Kemp signs budget with raises for 300,000 teachers, state workers

Gov. Brian Kemp on Tuesday signed a $36.1 billion budget for fiscal 2025, which begins July 1. (John Spink/ AJC)

Credit: John Spink

Credit: John Spink

Gov. Brian Kemp on Tuesday signed a $36.1 billion budget for fiscal 2025, which begins July 1. (John Spink/ AJC)

As the annual Capitol bill-signing season wound down Tuesday, Gov. Brian Kemp inked a $36.1 billion state spending plan for the coming fiscal year that includes raises for 300,000 educators and state workers, plus more money for law enforcement, education and mental health programs.

The raises are included in the budget for fiscal 2025 — which begins July 1 and was approved by lawmakers on the final day of the 2024 legislative session in March.

Kemp signed the spending plan at the Capitol in front of about 50 lawmakers and state agency heads, telling those in attendance, “This yearly budget is the biggest demonstration of our priorities and the biggest tool we have to serve the people of this great state.”

State tax collections have been slow for the past year. But the state is sitting on $16 billion in “rainy day” and undesignated reserves, so Kemp and lawmakers have backed higher spending since the session began in January.

State spending has grown from about $26.6 billion in fiscal 2020, the last budget plan approved before the COVID-19 pandemic hit, as tax collections flowed in during the economic uptick that followed. Revenue stalled out in fiscal 2024, and it is not expected to gain much momentum next year.

All that matters because the money the state collects in taxes helps pay for K-12 schools, colleges, public health care, prisons, policing, business regulation, roads and a host of other services.

Under the Kemp budget plan endorsed by the House and Senate, rank-and-file workers will receive 4% increases — up to $3,000 — and teachers will get $2,500 more.

Some other employees, such as those in state law enforcement, will receive the 4% raises plus an extra $3,000.

More than $200 million extra will go to school districts to pay for transporting children to school, something local officials have requested for years, and more than $100 million will go to schools for security upgrades.

“We believe there is no more important issue than ensuring the safety and well-being of our students,” House Speaker Jon Burns, R-Newington, said before the budget signing. “We wanted to make sure they were safe when they went to school, that their parents felt safe about leaving them (at school). We want to and will keep our children safe.”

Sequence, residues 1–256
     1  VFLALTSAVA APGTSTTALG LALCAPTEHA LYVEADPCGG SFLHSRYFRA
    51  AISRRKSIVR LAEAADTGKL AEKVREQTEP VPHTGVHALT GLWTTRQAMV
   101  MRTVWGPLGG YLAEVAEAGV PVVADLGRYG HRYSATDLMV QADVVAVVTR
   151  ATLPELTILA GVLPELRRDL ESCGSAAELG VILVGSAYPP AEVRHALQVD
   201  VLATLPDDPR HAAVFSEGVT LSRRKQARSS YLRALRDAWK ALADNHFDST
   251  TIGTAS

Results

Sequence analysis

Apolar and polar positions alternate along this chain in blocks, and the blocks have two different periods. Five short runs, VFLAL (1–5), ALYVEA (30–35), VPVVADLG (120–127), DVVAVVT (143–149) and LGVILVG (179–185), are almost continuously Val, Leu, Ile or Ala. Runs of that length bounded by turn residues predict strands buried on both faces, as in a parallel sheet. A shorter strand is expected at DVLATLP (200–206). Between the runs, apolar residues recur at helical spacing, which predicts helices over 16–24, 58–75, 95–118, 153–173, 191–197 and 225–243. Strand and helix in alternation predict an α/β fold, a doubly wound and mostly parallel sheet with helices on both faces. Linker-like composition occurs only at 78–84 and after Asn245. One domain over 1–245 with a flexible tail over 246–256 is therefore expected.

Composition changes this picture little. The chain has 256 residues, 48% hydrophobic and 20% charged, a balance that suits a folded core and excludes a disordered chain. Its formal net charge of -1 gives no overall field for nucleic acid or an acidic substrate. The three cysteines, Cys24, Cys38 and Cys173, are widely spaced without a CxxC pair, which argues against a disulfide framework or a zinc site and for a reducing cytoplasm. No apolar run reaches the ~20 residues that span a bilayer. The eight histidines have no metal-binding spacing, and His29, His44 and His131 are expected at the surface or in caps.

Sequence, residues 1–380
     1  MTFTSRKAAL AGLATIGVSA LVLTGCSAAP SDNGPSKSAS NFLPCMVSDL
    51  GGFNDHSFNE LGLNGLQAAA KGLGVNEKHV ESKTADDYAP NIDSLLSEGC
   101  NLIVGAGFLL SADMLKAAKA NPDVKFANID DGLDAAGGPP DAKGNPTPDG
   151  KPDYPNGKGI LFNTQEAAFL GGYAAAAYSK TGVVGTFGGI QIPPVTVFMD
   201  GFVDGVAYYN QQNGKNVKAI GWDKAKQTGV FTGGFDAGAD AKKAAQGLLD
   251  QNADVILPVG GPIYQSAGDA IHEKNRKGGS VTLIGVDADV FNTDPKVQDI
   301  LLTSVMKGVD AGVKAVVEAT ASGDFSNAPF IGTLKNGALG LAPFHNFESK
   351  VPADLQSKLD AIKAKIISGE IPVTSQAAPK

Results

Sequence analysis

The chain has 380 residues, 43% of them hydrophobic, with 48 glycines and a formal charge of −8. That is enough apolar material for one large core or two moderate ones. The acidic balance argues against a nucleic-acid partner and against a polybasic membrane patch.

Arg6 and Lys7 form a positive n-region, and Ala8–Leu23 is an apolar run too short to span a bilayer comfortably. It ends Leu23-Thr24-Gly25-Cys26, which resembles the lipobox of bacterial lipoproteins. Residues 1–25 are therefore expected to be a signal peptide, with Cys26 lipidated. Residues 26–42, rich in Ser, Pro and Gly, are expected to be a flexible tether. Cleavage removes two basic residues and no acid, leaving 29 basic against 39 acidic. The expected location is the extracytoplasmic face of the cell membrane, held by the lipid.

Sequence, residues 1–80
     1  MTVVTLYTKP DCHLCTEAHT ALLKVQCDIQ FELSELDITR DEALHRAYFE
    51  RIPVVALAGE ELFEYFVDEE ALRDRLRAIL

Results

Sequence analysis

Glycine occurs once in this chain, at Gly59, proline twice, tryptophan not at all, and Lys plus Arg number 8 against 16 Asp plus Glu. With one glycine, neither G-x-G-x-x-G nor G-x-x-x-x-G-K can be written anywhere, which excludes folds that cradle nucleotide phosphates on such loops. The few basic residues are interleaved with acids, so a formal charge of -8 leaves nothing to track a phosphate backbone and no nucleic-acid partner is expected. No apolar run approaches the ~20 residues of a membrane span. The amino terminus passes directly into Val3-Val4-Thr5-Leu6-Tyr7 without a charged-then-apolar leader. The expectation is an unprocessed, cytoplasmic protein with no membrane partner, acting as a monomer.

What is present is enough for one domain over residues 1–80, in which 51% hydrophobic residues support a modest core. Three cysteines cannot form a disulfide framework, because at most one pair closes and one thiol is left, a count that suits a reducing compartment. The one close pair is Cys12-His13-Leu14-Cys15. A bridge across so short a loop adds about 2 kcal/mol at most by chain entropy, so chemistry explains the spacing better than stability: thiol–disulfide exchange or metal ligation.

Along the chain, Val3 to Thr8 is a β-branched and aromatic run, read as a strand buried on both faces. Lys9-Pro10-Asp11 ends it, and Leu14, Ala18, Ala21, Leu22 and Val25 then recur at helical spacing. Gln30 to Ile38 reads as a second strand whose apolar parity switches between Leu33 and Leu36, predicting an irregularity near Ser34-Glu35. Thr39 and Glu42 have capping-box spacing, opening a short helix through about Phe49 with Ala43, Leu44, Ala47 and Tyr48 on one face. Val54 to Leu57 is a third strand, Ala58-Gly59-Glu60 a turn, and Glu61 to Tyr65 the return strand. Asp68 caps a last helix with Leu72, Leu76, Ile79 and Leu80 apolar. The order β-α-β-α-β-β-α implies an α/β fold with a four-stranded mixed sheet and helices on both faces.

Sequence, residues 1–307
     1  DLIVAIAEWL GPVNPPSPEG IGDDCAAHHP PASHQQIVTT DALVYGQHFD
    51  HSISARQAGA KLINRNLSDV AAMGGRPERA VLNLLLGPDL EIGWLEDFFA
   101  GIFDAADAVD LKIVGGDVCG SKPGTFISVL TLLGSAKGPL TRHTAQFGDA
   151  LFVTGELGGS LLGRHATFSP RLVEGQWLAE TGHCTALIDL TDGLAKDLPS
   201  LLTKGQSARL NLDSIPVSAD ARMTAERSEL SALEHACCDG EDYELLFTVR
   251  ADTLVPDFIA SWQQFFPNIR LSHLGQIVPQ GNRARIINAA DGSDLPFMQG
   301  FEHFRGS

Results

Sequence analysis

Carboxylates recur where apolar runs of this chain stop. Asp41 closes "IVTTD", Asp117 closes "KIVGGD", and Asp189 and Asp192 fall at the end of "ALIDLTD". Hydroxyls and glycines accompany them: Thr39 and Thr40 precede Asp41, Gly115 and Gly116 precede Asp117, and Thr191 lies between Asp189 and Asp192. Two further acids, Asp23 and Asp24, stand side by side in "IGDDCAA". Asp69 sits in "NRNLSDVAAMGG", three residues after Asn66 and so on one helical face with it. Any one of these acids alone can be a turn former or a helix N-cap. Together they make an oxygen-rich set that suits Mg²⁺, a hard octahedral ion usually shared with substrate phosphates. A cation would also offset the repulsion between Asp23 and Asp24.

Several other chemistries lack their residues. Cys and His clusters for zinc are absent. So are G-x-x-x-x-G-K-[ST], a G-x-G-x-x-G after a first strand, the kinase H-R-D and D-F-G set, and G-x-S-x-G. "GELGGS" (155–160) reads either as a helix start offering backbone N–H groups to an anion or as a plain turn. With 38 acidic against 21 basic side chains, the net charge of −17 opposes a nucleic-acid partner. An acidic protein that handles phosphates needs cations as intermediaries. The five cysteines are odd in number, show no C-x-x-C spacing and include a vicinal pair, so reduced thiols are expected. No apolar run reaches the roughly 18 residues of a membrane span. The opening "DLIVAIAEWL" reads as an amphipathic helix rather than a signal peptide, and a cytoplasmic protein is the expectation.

Students stow their laptops after walking through security at Maynard Jackson High School in Atlanta on Tuesday, January 10, 2023. Atlanta Public Schools have implemented a new weapons detection system called "Evolv" in their middle and high schools. Georgia is set to spend more than $100 million next year to upgrade security at schools. Christina Matacotta for The Atlanta Journal-Constitution.

Credit: Christina Matacotta

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Credit: Christina Matacotta

Both chambers backed hundreds of millions of dollars more for Medicaid, the state-federal health care program for the poor and disabled, including big money to increase payments to some medical providers.

Kemp made a last-minute addition in March to put $48.4 million more into the state’s prekindergarten program to lower class sizes, increase teacher pay, and fund capital and operational projects.

Lawmakers added $10.7 million more for security technology to block cellphone signals in state prisons. Lawmakers began funding that program earlier this year in the midyear budget in hopes of stopping rampant inmate cellphone use.

They also included an extra $6 million to provide more literacy coaches in low-performing schools and $6.3 million for reduced-priced school breakfasts and lunches for students. In addition, lawmakers included millions more for domestic violence and sexual assault centers. An additional $16.5 million will go for mental health crisis centers statewide.

After signing the budget, Kemp told reporters, “We’ve increased spending to meet our needs, but it doesn’t mean we have to spend everything we have in our rainy day fund.

“We know our economy is slowing, quite honestly, because of bad policies in Washington, D.C., and we want to be prepared for that in the future. We also want to be prepared in the future with our commitment to continue to cut taxes.”